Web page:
I’m sure there are many more we will learn from the more informed RVers! If you have any input please don’t hesitate to leave a comment. Just please don’t knock on our door. 


Do You Have What It Takes to Be an RVer?

By Alyssa Padgett

Not everyone is cut out to be an RVer. These are six qualities I think you need to have to enjoy RVing. 

To most people who don’t RV, there’s a certain stigma associated with RVers. You either must be retired with nothing to do, or so poor that you live in a trailer just to survive.

I suppose the third option is that you’re a hippie or a bum driving around in search of yourself.

In my husband’s hometown in Texas, residents recently petitioned to get an RV park off I-10 closed because it was too close to a school. They worried it would attract those types of people.

Since joining the RV community last year, I rolled my eyes at the residents who see RVers as trashy or likely criminals. After staying in RV parks across 48 states, I know for certain that most RVers are nothing like that.

In fact, RVers are some of the nicest people who I’ve had the chance to meet.

It takes a special kind of person to be an RVer. You must be a cut above most of humanity, showing exemplary compassion and inner-strength.

Here are six qualities I think you need to have to be an RVer:

1.) You aren’t attached to objects.

Four days after my wedding,  I started full-time RVing. All my wedding presents are tucked away in a closet in my parent’s house, unused.

But as an RVer, you know that you don’t need a KitchenAid mixer and a dozen shiny pots and pans. You only pack the essentials. Anything else is clutter!

You should be able to simplify, getting rid of what you don’t need and freeing up your cabinet space to fit all the cool souvenirs you’ll find while traveling. When we first hit the road, we created a “One-Month Rule.”

If we hadn’t used something in the first month after we bought it, we packed it in a box and shipped it home.

2.) You’re not high-maintenance. 

To be an RVer, you must be pretty low maintenance. You’re okay with hand washing all your dishes instead of using a dishwasher. Carrying your clothes to the laundry center at the RV park is fine with you. That’s just part of RV life!

You also don’t mind sweeping or vacuuming the dirt and mud that finds its way inside your rig. And we don’t always need to stay at fancy RV resorts—national parks are just fine with us! We’re here for the adventure of travel, not the luxury of it all.

 3.) You love America.

This might sound funny but let me explain. You must see the good and the beauty of the world if you plan on RVing. Have you ever met those people who always find something wrong with everything?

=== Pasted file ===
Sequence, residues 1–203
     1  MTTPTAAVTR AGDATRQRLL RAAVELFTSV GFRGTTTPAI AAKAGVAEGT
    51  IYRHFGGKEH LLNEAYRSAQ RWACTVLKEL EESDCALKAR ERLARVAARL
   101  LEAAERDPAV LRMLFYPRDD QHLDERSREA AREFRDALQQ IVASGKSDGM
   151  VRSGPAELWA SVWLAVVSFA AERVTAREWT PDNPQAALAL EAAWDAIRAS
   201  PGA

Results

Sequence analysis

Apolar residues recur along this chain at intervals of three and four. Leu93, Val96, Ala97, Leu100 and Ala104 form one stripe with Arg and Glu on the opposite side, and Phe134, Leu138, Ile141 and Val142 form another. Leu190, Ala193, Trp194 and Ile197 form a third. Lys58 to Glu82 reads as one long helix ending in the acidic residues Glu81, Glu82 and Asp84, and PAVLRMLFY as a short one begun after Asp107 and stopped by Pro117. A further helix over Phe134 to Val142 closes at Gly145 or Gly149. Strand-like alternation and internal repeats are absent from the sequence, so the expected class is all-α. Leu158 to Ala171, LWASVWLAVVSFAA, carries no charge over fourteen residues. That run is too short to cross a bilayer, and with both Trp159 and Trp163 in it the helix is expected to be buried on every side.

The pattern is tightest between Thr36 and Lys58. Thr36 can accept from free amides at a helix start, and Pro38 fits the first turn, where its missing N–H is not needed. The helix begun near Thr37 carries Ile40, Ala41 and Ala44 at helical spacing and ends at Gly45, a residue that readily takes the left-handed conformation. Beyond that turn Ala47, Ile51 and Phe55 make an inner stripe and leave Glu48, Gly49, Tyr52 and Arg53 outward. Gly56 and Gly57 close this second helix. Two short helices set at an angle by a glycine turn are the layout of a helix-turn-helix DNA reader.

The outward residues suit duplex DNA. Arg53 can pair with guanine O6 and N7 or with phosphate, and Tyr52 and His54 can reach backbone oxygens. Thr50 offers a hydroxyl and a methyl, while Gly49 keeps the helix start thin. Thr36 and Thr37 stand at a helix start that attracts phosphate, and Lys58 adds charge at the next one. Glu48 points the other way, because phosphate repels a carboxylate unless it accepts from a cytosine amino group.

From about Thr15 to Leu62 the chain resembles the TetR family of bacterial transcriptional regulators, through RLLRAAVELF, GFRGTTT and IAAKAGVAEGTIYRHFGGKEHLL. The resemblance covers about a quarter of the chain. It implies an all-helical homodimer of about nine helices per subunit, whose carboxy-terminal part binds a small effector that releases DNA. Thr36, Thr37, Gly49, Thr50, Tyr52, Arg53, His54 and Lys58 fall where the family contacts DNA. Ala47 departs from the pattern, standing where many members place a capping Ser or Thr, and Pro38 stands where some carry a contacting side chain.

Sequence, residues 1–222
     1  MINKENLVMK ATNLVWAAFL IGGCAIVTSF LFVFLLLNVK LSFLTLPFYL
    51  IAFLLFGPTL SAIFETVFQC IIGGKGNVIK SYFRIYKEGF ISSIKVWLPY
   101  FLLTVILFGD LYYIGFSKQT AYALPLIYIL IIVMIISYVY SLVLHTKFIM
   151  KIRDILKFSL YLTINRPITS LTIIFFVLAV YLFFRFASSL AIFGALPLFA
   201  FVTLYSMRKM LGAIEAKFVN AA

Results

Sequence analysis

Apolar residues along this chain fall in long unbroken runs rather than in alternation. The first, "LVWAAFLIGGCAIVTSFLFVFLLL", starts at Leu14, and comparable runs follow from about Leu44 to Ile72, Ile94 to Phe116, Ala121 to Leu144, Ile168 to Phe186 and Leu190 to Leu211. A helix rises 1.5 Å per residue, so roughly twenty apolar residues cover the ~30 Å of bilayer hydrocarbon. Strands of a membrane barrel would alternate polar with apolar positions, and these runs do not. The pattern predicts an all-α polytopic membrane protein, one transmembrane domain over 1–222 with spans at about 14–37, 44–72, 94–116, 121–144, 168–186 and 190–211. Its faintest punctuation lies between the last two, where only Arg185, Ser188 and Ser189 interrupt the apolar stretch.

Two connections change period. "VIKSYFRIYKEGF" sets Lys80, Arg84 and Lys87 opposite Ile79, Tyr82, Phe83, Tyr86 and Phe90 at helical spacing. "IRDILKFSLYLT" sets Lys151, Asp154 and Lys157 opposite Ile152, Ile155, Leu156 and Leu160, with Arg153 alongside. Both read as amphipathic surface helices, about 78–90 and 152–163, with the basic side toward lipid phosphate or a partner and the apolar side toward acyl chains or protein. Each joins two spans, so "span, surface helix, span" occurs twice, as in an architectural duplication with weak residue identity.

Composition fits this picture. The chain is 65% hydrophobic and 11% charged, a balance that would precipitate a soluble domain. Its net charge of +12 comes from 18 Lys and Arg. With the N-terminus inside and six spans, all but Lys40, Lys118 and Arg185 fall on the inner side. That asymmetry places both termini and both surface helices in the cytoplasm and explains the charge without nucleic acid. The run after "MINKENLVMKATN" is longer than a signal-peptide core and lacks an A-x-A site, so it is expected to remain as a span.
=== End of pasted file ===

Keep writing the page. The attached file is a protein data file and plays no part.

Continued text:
“The sun is too bright. It’s too windy. This would be beautiful if…” Those people aren’t cut out for RVing.

RVers may complain about unlevel sites, but our glass is always half full (probably with beer). We don’t complain about America. We can’t wait to keep exploring the country! We love the world around us for its freedom and beauty.

 4.) You keep your cool.

Picture this: You’re following the directions from a GPS unit to your destination.

Your rig is cruising along the road with your car towing behind. Suddenly, you’re in a construction zone, the road narrows, the street you’re supposed to turn on is closed, you’re lost, and you’ve got no other choice than to make a U-turn. (If you’ve RVed for any amount of time, you can picture this vividly as it’s probably happened to you at least once before!)

My cousins once missed a turn (using a real map, not a GPS) and found themselves on a small mountain road in Colorado with snow banks on either side. They had to unhook their Honda CR-V and U-turn their 26-foot Super C on this snowy mountain road and retrace their tracks down the hill.

If you’re prone to stress or have ever been called a “hot-head,” RVing isn’t for you. As an RVer, you’ve got to be able to keep your cool in these situations.

When your dump hose breaks – when it rains, and your RV gets stuck in the mud – a good RVer must be level headed.

5.) You want to help others.

 “We have a problem,” my husband said walking back inside the RV.

After dry camping in Grand Teton National Park for four days, he was dumping our tank. “Our hose just snapped in half. We have another one, but I have no idea how to switch them out, and we don’t have cell phone service to find out how.”